Elizabeth “Beth” Mercer, Self Sufficiency Coordinator
A native of Orchard Park and all things health and wellness, Ms. Mercer works in New American Integration coordinating financial literacy programs for the Institute’s clients to become self-sufficient in their new lives in Western New York.
Where are you from and what do you do here?
[BM]: I have always lived in Western New York, growing up in a suburb outside of Buffalo, Orchard Park. As part of the AmeriCorps’ Economic Development Corps (EDC) program, I am able to work here at the Institute as the Self Sufficiency Coordinator. I would say that while my job is to mainly help the Institute’s clients become financially responsible and self-sufficient, I do a lot of other things here as well: assisting our Employment team, teaching financial literacy in job club, letting clients know about the resources around Western New York on their path to becoming self-sufficient.
Where did you go to school?
[BM]: I went to the University of Buffalo to study Psychology and Public Health. I initially thought I wanted to be a counselor, but this job has really spurred my interest in social work and social justice issues. I hope to someday go back to school and pursue a Masters in Social Work and Public Health.
What would you say is the most rewarding thing about working at an organization like the Institute?
[BM]: Experiencing diversity and the positive impact it has on our community first-hand. Growing up in the suburbs was a very different experience than when I went to UB and started working at the Institute. It’s also just really great being that friendly face in the crowd to someone completely new.
What is the first word that comes to mind when I say “International Institute of Buffalo”?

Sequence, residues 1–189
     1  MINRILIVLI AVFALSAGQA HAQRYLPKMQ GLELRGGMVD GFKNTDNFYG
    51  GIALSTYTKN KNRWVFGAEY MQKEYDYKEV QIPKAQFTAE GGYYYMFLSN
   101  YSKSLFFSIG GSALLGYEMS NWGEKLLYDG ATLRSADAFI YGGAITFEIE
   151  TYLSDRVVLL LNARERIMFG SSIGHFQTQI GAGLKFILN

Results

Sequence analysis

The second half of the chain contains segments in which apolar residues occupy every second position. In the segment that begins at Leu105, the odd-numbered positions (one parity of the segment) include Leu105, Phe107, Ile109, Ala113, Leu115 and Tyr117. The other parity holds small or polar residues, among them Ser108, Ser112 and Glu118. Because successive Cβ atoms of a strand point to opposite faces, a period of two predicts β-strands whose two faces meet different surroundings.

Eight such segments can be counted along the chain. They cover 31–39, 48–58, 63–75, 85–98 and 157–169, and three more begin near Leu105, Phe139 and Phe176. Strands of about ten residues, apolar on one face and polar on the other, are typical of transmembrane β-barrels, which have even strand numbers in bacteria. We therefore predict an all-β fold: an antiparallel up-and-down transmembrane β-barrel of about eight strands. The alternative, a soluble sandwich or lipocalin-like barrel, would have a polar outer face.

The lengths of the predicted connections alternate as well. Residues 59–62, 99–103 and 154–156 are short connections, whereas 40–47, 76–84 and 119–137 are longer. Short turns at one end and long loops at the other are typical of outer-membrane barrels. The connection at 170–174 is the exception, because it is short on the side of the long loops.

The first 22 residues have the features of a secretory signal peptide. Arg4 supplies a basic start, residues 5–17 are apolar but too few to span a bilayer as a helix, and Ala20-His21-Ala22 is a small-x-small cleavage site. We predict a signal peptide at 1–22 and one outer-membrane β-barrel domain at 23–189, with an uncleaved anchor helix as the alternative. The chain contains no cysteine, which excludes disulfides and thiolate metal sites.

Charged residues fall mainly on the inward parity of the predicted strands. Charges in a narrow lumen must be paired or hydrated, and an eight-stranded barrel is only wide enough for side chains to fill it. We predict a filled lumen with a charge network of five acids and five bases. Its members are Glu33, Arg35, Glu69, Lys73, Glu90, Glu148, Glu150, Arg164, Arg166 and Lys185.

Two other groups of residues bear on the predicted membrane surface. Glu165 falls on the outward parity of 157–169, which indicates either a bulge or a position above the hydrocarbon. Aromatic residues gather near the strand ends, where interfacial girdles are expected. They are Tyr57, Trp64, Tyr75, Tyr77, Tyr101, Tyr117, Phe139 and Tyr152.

What is one accomplishment that you are most proud of? Why?
[BM]: Personally, finishing my degree in three years and taking over the amount of necessary courses needed to complete my program just because I was so interested in the learning process. Here at the Institute, my biggest accomplishment would be helping my clients find the power to become advocates for themselves.
Since the Institute works with diverse people from all over the world, can you share with us your own heritage?
[BM]: My Mother’s side is Sicilian and my Father’s Irish. Around Christmas each year, my Mom, my Grandmother, my Aunts and I make Italian cookies around Christmas time. Also, I Irish danced for 7 years, so I guess you can say that I still have some ties to my heritage.
Given the international nature of the Institute, have you traveled abroad? Any places on your bucket list?
[BM]: I’ve been to Bermuda a couple of times, Nicaragua, Costa Rica and Iceland. Bucket-list wise: I would like to go to India and Thailand.
If you could sit down with any historical figure, who would you choose? What is one question you would ask them?
[BM]: Martin Luther King, Jr. I would like to have a conversation about the process of beginning a social movement and advice he has for movements currently happening today.
Favorite international food?
[BM]: Saag Paneer, which is a vegetarian Indian dish consisting mostly of spinach and cheese.
[BM]: Coelho’s The Alchemist.
What can you tell me about your life away from the Institute?
[BM]: You can usually find me in a park reading, doing yoga, somewhere singing, or cooking. I love finding and cooking new recipes.
What three traits would you say define you?
[BM]: Adventurous, empathetic and imaginative.